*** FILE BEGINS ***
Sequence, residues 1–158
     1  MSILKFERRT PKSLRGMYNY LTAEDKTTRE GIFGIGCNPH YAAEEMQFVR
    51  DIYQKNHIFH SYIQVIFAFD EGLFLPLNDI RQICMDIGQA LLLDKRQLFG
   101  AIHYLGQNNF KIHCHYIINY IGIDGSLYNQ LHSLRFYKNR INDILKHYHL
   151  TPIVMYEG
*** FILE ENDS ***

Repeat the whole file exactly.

Sequence, residues 1–158
     1  MSILKFERRT PKSLRGMYNY LTAEDKTTRE GIFGIGCNPH YAAEEMQFVR
    51  DIYQKNHIFH SYIQVIFAFD EGLFLPLNDI RQICMDIGQA LLLDKRQLFG
   101  AIHYLGQNNF KIHCHYIINY IGIDGSLYNQ LHSLRFYKNR INDILKHYHL
   151  TPIVMYEG